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46

Why is nav-menu visible when you are scrolling up? In content focused sites and pages, the users expect to scroll down if there is an engagement. If user is not scrolling down but up, it can be accepted as "not engaged user". Providing other options for engagement is the main goal of this behavior. The same pattern can be also seen in mobile safari app. ...


22

I think it's part aesthetics - as @marcintreder suggests - and part visual anchoring. The horizontal bar is a cue that the page is scrolled all the way to the top - which is especially useful in "light"/"minimal"/"uncluttered" designs without so many other cues.


19

Mobile focused design This sometimes called the scroll up bar and is a product of mobile-focused design. It is a compromise between having a fixed navigation bar that is always on screen and flowing navigation bar that is only on the top of the page. The fixed navigation bar has the downside of taking up a significant portion of the smaller mobile screen, ...


18

11 items is a difficult number of things to arrange in more than one line, but it's very easy around a circle. How about something like the following which might still be inkeeping with your needs I also decreased the size of the icons in relation to the labels in my version, but this is just a mock up anyway - you can obviously take the idea and adapt ...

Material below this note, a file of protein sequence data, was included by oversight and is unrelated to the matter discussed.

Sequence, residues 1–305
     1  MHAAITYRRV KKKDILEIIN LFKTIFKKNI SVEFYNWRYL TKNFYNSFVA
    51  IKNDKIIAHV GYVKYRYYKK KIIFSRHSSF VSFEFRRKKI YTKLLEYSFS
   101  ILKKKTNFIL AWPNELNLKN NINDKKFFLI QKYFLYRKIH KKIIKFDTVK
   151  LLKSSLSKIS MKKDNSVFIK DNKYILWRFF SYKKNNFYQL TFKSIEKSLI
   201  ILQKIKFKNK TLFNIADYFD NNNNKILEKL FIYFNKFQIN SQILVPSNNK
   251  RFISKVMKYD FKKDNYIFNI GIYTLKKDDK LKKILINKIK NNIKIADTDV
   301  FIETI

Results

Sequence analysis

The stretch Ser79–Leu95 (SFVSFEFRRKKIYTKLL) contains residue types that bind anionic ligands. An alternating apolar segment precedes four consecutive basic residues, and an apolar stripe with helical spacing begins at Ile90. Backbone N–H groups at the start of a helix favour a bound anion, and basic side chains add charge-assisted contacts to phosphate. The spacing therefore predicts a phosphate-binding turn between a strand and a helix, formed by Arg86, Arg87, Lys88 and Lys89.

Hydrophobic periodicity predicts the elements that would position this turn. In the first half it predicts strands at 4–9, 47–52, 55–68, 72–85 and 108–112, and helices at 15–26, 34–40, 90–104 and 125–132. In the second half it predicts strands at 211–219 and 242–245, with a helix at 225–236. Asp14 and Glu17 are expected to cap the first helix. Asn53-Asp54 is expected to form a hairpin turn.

13

Many people do this because other people do this and no other reason. Their purported reason might be to give maximum space to their content while minimizing the header which they read about somewhere. I agree with you, though. Having the header expand when scrolled up is annoying. It wouldn't bother me if it waited till you got to the top before doing that,...


11

The header is usually at the top because it's convention. Why is it convention? Probably because you want to introduce the title and brand of the website you're visiting to the user immediately when the page loads. So you put it at the top. And then it gets out of the way quickly when you scroll down. Sounds like a pretty good solution to me. Why not put it ...